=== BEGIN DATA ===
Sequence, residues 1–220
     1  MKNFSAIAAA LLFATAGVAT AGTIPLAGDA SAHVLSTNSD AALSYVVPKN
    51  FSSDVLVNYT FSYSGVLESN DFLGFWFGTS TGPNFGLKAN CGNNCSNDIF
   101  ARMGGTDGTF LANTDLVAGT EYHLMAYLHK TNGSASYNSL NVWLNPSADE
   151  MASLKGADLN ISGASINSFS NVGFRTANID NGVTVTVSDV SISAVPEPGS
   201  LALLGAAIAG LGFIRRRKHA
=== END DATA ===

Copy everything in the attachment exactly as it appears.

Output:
Sequence, residues 1–220
     1  MKNFSAIAAA LLFATAGVAT AGTIPLAGDA SAHVLSTNSD AALSYVVPKN
    51  FSSDVLVNYT FSYSGVLESN DFLGFWFGTS TGPNFGLKAN CGNNCSNDIF
   101  ARMGGTDGTF LANTDLVAGT EYHLMAYLHK TNGSASYNSL NVWLNPSADE
   151  MASLKGADLN ISGASINSFS NVGFRTANID NGVTVTVSDV SISAVPEPGS
   201  LALLGAAIAG LGFIRRRKHA